QRS complex detection and measurement algorithms for multichannel ECGs in cardiac resynchronization therapy patients

Antonia E. Curtin, Kevin V. Burns, Alan J. Bank, Theoden I. Netoff

Research output: Contribution to journalArticlepeer-review

2 Scopus citations


We developed an automated approach for QRS complex detection and QRS duration (QRSd) measurement that can effectively analyze multichannel electrocardiograms (MECGs) acquired during abnormal conduction and pacing in heart failure and cardiac resynchronization therapy (CRT) patients to enable the use of MECGs to characterize cardiac activation in such patients. The algorithms use MECGs acquired with a custom 53-electrode investigational body surface mapping system and were validated using previously collected data from 58 CRT patients. An expert cohort analyzed the same data to determine algorithm accuracy and error. The algorithms: 1) detect QRS complexes; 2) identify complexes of the most prevalent morphology and morphologic outliers; and 3) determine the array-specific (i.e., anterior and posterior) and global QRS complex onsets, offsets, and durations for the detected complexes. The QRS complex detection algorithm had a positive predictivity and sensitivity of ≥96% for complex detection and classification. The absolute QRSd error was 17 ± 14 ms, or 12%, for array-specific QRSd and 12 ± 10 ms, or 8%, for global QRSd. The absolute global QRSd error (12 ms) was less than the interobserver variation in that measurement (15 ± 10 ms). The sensitivity, positive predictivity, and error of the algorithms were similar to the values reported for current state-of-the-art algorithms designed for and limited to simpler data sets and conduction patterns and within the variation found in clinical 12-lead ECG QRSd measurement techniques. These new algorithms permit accurate, real-time analysis of QRS complex features in MECGs in patients with conduction disorders and/or pacing.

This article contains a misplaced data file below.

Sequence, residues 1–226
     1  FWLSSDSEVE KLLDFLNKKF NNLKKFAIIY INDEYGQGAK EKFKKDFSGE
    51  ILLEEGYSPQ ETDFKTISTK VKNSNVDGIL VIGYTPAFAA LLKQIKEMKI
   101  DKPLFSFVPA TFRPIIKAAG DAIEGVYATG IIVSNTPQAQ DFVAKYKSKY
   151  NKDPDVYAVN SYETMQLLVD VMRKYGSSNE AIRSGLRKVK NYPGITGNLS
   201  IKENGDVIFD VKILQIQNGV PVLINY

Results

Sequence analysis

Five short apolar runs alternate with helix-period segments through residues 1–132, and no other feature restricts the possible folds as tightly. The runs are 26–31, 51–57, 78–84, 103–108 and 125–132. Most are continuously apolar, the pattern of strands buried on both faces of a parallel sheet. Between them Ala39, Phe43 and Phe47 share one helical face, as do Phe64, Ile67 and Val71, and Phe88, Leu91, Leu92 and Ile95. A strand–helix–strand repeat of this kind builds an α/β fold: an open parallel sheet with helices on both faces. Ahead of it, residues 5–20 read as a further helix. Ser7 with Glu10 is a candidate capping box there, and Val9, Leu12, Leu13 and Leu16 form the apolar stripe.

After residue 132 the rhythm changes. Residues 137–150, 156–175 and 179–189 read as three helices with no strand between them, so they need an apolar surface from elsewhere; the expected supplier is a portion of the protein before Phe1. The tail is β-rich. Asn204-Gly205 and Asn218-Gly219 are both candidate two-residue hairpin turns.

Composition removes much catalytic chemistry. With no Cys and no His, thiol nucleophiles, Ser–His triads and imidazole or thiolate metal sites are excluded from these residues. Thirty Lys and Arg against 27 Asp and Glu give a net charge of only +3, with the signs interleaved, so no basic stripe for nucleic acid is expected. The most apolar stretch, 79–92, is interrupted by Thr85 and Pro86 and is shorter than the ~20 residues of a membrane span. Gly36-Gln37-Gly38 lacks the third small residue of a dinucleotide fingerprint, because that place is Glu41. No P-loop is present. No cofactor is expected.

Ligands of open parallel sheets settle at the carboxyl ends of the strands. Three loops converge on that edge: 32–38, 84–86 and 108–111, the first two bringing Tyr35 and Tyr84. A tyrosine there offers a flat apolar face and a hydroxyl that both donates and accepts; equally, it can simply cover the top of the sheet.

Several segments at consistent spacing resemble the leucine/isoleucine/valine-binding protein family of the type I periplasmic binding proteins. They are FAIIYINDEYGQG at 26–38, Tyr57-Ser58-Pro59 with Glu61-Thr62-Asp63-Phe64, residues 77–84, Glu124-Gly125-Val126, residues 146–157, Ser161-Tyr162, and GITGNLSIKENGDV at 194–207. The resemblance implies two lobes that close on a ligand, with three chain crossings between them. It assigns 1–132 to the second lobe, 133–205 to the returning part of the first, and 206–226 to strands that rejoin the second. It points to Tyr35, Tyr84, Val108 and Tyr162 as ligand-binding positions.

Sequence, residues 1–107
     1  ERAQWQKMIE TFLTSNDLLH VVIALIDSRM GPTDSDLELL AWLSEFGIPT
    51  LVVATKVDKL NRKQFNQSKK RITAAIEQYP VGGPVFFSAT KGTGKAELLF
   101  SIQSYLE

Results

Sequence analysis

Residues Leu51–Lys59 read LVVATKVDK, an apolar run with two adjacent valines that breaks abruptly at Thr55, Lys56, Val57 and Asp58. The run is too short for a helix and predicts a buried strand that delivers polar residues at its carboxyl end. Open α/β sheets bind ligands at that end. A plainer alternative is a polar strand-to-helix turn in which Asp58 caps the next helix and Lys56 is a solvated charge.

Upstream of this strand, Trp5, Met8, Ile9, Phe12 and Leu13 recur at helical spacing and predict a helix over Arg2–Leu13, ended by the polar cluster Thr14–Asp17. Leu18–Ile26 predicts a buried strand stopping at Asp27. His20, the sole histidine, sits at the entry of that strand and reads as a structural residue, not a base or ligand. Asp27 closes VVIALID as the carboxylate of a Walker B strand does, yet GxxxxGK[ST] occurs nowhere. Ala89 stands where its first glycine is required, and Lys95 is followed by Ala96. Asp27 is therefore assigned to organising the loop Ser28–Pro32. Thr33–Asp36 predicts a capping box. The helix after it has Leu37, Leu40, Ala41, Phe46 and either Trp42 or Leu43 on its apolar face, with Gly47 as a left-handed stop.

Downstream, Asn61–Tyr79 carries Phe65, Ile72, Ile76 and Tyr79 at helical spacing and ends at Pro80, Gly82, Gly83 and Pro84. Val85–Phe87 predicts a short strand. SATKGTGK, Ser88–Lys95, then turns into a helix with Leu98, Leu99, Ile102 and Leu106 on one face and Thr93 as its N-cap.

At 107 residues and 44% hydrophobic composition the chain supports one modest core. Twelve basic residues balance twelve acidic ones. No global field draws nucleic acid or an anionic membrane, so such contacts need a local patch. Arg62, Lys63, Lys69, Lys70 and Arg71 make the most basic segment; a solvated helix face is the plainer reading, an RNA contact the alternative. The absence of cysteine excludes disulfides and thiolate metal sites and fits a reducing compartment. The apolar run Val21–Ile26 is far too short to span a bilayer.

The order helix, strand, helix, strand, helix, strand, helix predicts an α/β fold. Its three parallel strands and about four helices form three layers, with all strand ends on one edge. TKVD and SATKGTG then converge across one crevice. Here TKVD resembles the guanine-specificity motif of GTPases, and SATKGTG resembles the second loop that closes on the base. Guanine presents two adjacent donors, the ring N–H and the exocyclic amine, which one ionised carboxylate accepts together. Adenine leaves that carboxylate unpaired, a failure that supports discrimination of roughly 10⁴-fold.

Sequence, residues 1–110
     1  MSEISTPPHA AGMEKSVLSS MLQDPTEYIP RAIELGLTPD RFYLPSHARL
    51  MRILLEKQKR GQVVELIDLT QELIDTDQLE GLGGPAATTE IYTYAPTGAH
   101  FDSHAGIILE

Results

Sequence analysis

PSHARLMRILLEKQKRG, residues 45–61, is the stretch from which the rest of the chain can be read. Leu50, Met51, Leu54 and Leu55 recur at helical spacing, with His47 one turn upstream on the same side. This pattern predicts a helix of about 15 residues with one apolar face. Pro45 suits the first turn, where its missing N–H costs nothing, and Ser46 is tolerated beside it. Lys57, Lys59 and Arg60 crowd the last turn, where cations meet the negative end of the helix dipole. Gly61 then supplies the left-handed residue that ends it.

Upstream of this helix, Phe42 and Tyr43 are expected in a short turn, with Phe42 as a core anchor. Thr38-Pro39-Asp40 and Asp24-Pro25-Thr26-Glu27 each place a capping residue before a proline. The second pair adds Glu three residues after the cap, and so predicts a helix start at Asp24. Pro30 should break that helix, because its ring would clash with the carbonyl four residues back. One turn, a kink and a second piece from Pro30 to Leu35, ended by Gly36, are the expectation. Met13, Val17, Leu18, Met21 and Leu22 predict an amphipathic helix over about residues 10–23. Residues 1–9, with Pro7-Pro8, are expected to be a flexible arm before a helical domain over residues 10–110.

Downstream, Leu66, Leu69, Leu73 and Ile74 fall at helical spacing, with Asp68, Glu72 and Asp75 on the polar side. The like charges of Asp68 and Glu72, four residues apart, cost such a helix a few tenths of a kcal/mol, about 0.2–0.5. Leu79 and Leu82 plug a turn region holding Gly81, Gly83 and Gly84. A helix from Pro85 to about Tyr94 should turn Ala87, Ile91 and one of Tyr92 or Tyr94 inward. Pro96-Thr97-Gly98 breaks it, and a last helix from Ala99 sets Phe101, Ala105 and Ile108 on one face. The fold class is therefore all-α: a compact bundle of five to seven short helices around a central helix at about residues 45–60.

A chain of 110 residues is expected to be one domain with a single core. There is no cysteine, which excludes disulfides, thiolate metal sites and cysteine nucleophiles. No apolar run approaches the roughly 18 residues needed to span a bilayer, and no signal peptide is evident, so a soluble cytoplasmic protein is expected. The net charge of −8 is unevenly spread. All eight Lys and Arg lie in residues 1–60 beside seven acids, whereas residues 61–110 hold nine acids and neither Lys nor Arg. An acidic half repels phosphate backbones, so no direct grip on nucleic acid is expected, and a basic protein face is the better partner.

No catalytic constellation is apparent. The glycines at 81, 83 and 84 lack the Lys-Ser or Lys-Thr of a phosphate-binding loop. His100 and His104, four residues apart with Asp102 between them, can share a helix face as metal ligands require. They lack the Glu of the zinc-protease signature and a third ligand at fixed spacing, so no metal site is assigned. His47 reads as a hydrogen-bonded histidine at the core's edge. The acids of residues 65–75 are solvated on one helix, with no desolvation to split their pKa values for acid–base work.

Original languageEnglish (US)
Article number8372976
JournalIEEE Journal of Translational Engineering in Health and Medicine
StatePublished - Jun 5 2018

Bibliographical note

Funding Information:
This work was supported by the Medtronic External Research Program, Medtronic plc.

Publisher Copyright:
© 2013 IEEE.


  • Biomedical signal processing
  • classification algorithms
  • detection algorithms
  • electrocardiology

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